In the past two years, 100% of our students have been hired or pursued alternative pathways (graduate school) within three months of graduation. Our students have been hired in Maryland (80% of graduates), New Jersey, and Florida.

music means Extensive conducting opportunities
Extensive conducting opportunities

Small class sizes mean more conducting opportunities! We work hard to provide extensive conducting opportunities in front of multiple college ensembles.

As a music education major at Elizabethtown College, not only will you learn how to teach music and music theory, you will also master a variety of skills such as music theory, aural skills, singing, keyboard, guitar, music history, conducting, teaching and instruction, arranging musical scores, and playing different string, wind, and percussion instruments. You will also take education courses in teaching fundamentals, teach and observe in area schools, and perform a senior recital.

Our music education classes are small, allowing for individual attention from professors. With class sizes ranging from two to eight students in each music education classroom, we value intensive interactions. Small class sizes give you more opportunities for feedback, chances to be heard, and relationships with professors and peers that go beyond the classroom. Our students and faculty remain dedicated to an ethic of intentional community. We seek to see each other for our strengths and grow as a supportive, diverse community of future teachers. Our focus on real-world learning allows you to develop and practice your skills in the classroom while also exploring different age groups or grade levels, and who you are as a future teacher.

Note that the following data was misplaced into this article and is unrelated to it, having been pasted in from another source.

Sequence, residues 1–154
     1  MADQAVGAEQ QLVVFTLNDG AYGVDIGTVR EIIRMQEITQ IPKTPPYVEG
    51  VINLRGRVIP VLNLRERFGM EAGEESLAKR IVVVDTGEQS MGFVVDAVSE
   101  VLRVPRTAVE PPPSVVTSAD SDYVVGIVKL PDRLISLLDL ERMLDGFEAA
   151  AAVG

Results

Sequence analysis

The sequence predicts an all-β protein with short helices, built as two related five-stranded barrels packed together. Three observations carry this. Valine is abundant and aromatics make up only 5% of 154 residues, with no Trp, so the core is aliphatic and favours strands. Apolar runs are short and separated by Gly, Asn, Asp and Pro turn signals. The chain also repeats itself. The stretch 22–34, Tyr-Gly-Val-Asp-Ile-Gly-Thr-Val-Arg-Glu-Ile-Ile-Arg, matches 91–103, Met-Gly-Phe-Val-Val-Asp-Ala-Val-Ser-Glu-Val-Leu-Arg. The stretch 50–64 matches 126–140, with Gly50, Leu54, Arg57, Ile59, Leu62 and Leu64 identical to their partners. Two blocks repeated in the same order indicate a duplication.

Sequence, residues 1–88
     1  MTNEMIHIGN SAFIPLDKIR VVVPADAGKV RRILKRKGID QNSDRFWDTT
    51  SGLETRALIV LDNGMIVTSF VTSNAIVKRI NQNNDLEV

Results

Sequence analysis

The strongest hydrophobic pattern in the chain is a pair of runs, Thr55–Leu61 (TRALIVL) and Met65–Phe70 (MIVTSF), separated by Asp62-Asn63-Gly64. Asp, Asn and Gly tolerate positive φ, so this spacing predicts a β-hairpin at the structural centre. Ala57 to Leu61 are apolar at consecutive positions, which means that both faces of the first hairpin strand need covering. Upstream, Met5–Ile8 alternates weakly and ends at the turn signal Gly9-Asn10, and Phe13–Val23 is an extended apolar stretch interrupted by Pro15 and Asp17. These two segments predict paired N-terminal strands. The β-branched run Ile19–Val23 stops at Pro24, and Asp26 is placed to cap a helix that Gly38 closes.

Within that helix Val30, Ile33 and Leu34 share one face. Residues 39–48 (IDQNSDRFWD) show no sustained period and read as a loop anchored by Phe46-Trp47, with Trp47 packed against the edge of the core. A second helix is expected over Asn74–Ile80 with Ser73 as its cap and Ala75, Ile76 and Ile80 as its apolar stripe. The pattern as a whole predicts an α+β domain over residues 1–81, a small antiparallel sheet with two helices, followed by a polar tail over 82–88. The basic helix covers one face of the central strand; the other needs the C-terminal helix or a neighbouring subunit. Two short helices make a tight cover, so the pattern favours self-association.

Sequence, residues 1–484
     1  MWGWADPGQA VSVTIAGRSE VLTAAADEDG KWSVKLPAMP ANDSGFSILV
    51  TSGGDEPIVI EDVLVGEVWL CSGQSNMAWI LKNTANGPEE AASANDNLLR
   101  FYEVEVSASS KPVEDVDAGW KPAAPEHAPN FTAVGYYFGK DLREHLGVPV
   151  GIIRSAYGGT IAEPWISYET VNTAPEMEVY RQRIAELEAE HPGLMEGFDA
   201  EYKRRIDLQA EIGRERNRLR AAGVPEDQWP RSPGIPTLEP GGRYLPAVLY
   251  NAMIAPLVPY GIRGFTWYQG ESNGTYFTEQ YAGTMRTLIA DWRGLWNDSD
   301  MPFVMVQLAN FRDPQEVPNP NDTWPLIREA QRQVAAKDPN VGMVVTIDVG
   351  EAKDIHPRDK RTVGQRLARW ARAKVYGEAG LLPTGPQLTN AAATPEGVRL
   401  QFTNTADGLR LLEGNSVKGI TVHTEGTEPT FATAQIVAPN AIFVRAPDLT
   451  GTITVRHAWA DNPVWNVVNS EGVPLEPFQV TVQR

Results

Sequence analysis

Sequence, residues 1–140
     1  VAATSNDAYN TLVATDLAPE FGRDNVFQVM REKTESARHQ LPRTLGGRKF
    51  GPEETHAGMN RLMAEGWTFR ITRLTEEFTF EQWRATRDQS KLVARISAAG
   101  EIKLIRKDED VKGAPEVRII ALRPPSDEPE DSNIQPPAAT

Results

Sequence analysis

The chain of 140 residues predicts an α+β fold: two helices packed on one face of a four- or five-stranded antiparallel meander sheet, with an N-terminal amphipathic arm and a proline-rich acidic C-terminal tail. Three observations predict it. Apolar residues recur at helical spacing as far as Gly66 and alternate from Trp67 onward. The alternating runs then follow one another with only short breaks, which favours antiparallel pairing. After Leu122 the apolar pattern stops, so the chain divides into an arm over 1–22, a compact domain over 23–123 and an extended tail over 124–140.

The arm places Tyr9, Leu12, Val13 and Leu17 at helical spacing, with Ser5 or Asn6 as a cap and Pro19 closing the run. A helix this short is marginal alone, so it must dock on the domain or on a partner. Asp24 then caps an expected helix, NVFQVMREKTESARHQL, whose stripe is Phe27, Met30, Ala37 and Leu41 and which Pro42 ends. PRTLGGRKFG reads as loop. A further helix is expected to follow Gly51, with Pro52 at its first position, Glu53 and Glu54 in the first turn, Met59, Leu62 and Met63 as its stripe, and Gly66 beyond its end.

View the course options and requirements for the degree.

The Elizabethtown advantage

Etown Advantage
Etown Advantage
Etown Advantage
Etown Advantage

As a music education major, you’ll enter the classroom your first semester at Elizabethtown. We have worked hard to build a strong and positive reputation with schools locally and nationally so our students can earn jobs quickly to start giving back. For the past three years, 100% of our students have jobs or have entered graduate school within three months of graduation.

We understand that technology competency is a vital skill. That’s why our music education coursework integrates technology at all levels. First year students take coursework in music technology, developing the skills needed to succeed throughout the curriculum. Other tools used include: stteach© (online tool for observations), an iPad orchestra in world music, qualQuery©, Sibelius, audio recording software, and digital video analysis of conducting.

While many schools have increased the time necessary to complete a music education degree, we remain dedicated to a 4-year degree program. Our students work hard, but they also finish within four years.

Because it was a small school, I was able to do a broad range of experiences that included composition and directing the band that set it apart from experiences that I would've gotten at a larger school." 

-Brad Eargle